[Via Times Union and Facebook]

Photo Contest 2014: The What, The How And The Why. Here’s another two-for-one set of links. Alan McLeod rambles a bit about Photo Contest 2014 and blogging in general, with enough length to qualify as a #BeerLongRead — the occasional gathering of bloggers hosted by Boak & Bailey. Lots there to add to Pocket.
[Via A Good Beer Blog and Boak & Bailey’s Beer Blog]

Rethinking the tasting note. If it is time to change the way “we” talk about wine, as is suggested here, then maybe it makes sense to reconsider how “we” describe the aromas and flavors in beer.
[Via Grape Collective]

7 Responses to How to avoid ‘the sameness of craft beer’

  1. Alan December 1, 2014 at 5:40 am #

    That sounds like you think I was cheating! Ok. fine. I rambled.

  2. Gary Gillman December 1, 2014 at 9:25 am #

    I think the sameness issue is valid, with IPA being Exhibit “A”. Basically these mostly taste very similar: white citrus rind (often grapefruit), piny, floral: the template inaugurated by Henry Weinhard’s Private Reserve and Liberty Ale in the 1970’s and perfected early in the 80’s by Sierra Nevada Pale Ale . Even the revived Ballantine India Pale Ale has this taste.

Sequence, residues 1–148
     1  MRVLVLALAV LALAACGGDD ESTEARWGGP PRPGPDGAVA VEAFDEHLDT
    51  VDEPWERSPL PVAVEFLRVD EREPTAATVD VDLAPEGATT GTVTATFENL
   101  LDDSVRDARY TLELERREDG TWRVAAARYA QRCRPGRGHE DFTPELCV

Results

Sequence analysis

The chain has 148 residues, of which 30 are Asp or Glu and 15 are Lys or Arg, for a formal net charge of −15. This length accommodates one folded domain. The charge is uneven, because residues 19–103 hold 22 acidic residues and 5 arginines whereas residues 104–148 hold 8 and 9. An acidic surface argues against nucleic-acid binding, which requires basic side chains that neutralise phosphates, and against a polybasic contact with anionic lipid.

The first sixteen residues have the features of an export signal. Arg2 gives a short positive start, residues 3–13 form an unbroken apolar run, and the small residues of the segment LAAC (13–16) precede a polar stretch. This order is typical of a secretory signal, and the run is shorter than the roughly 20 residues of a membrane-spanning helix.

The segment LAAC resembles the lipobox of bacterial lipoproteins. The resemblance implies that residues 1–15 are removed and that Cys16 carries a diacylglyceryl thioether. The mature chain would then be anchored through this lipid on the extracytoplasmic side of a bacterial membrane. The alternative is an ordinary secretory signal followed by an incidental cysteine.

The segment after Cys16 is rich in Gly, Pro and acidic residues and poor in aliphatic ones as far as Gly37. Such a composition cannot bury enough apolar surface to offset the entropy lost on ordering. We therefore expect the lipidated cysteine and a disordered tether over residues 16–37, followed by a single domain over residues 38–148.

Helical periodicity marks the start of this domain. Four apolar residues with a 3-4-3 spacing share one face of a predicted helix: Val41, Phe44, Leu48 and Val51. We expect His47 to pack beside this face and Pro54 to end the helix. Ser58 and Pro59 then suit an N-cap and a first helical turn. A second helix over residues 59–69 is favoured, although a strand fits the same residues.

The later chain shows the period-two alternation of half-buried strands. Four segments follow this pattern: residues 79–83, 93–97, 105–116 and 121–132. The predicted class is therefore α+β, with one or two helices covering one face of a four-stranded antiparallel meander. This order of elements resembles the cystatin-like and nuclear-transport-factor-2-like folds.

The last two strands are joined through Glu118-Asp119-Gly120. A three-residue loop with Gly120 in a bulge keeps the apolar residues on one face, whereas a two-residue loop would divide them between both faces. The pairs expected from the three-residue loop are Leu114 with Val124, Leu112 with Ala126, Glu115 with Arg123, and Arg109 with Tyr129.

Of course alcohol strengths differ and relative maltiness and color, I’m not minimizing that but there is an IPA “profile” in North America, even down to the almost invariable haziness with which these beers are served.

    Gary

    • Stan Hieronymus December 1, 2014 at 11:38 am #

      To me, Deschutes Fresh Squeezed, Goose Island IPA, and La Cumbre Elevated taste quite different. There are similarities, but haziness isn’t one of them. I’m not claiming the sameness issue isn’t real, but I don’t think it overwhelms diversity or exploration.

  3. Lars Marius Garshol December 2, 2014 at 2:17 am #

    First, thank you for the link. It’s much appreciated. 🙂

    I agree with your point that craft beers don’t taste exactly the same. That’s what was behind the “to some degree” that you commented on. But there is a surprising degree to which craft beers do taste broadly the same. In that context Bud and Miller are not relevant, because they’re not craft beer.

    Beyond that it’s hard to respond to your post. I can tell that you don’t agree, but I can’t figure out what your reasons for disagreeing are. If your point is that craft beers are not exactly the same, just broadly the same, then we actually do agree.

    • Stan Hieronymus December 2, 2014 at 5:53 am #

      Lars, I should have been clearer. I agree with much that your wrote – which is why I suggested readers start with the first words, not the last – and my shoulders sag a bit when I venture into a place with 40 beers on tap and see that doesn’t guarantee diversity or local.